• Look closely: What is the last part of the website’s address (URL)? .gov, .org, .com, .ca?


  • When was it published or last updated? Check the top or the bottom of the page.


  • Why was this website created? Ask yourself whether the information given seems biased. Are there ads all over the page?


  • How is the website designed? Is it easy to navigate? Do you spot any spelling errors? Downes warns that even nice websites can contain false information, however, it is a good starting point to question the site design.

My Evaluation:
I chose to evaluate the website https://www.poetryfoundation.org/


  • When I clicked on the About Us section, it says that the Poetry Foundation is an independent literary organization and also the publisher of Poetry Magazine. I was able to verify the reputability of the author and its credentials through a separate internet search.


  • The website provides information about poetry. It has an extensive selection of a variety of poetic styles including Children’s poetry. It does not appear to be biased.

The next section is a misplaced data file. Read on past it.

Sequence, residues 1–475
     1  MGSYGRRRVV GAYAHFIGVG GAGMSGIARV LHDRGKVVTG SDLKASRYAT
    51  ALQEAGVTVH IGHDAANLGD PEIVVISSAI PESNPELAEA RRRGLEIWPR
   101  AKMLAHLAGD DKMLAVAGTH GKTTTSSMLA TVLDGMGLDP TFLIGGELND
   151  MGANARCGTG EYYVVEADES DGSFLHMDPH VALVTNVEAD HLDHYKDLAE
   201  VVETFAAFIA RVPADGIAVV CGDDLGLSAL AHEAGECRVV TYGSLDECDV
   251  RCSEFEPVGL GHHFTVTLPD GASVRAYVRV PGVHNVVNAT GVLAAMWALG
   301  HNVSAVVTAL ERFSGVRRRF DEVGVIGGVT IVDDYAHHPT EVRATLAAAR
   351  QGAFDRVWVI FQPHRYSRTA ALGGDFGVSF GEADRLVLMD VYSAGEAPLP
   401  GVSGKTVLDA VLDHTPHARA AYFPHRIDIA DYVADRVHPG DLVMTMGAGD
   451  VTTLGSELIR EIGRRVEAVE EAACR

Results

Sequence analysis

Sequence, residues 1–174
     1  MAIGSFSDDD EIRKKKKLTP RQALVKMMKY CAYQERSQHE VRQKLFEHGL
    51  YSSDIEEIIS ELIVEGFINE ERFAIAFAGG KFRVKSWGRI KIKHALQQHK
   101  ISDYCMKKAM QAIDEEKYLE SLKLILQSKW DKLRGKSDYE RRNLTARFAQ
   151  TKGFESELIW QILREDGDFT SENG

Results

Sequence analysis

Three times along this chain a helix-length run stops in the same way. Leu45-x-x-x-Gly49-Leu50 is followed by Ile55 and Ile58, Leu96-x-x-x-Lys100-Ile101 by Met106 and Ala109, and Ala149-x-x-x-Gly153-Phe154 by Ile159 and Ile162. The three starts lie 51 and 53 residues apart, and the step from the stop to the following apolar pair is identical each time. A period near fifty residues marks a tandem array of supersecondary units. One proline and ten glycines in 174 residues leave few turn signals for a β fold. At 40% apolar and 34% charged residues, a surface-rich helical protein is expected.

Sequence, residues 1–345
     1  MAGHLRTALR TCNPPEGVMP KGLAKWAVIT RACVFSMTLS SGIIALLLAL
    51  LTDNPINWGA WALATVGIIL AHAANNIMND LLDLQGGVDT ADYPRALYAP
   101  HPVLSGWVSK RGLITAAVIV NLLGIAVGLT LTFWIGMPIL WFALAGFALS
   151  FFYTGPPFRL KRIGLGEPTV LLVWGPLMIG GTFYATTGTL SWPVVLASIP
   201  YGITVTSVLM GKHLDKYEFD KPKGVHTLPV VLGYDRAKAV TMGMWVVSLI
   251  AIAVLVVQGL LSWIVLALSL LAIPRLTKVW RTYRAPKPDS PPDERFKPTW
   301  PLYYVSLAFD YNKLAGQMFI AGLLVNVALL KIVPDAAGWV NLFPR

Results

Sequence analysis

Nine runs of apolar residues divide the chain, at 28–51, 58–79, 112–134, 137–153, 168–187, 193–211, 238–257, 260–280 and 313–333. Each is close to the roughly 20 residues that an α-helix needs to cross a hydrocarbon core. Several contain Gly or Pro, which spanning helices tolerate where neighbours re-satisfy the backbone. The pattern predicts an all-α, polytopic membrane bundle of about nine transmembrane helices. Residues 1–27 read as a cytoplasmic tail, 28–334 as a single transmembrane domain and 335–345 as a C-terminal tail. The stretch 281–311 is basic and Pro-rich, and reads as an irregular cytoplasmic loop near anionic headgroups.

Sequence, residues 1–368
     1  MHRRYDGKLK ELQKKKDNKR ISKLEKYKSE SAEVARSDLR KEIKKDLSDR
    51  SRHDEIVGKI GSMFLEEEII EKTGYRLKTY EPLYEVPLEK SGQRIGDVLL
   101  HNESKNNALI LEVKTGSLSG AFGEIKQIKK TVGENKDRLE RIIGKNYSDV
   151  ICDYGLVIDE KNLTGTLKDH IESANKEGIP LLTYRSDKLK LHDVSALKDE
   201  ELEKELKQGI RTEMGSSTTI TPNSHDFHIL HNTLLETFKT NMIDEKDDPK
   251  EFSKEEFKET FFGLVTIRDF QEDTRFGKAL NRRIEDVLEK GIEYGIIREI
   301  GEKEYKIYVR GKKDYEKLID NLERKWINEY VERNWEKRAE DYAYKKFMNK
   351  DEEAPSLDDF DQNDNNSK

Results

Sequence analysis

• The last part of the website’s address (URL) is .org which indicates a level of credibility.


  • The website was last copyrighted in 2016. The most recent post I could find had yesterday’s date, however many of the posts are from as little as two days ago.


  • There are no advertisements and this website clearly specifies that it was created to present a “vigorous presence for poetry in our culture”.


  • The website is designed beautifully. It is easy to navigate. There are no advertisements outside of the opportunity to sign up for their newsletter.

Overall, I would encourage my students to use this website. I would be sure to clarify the genre of poetry that they should be looking at by providing a direct link. I would check it ahead of time to ensure that the poetry within the genre was age and content appropriate.

Evaluation Using Delano’s Criteria:

Web-Content Criteria:

The 10 second glance

  1. URL:  .gov  (government)  .edu (educational institution)   .mil (military)  .org (non profit)  .com (commercial) or .uk  .br  (country origin). The url is .org.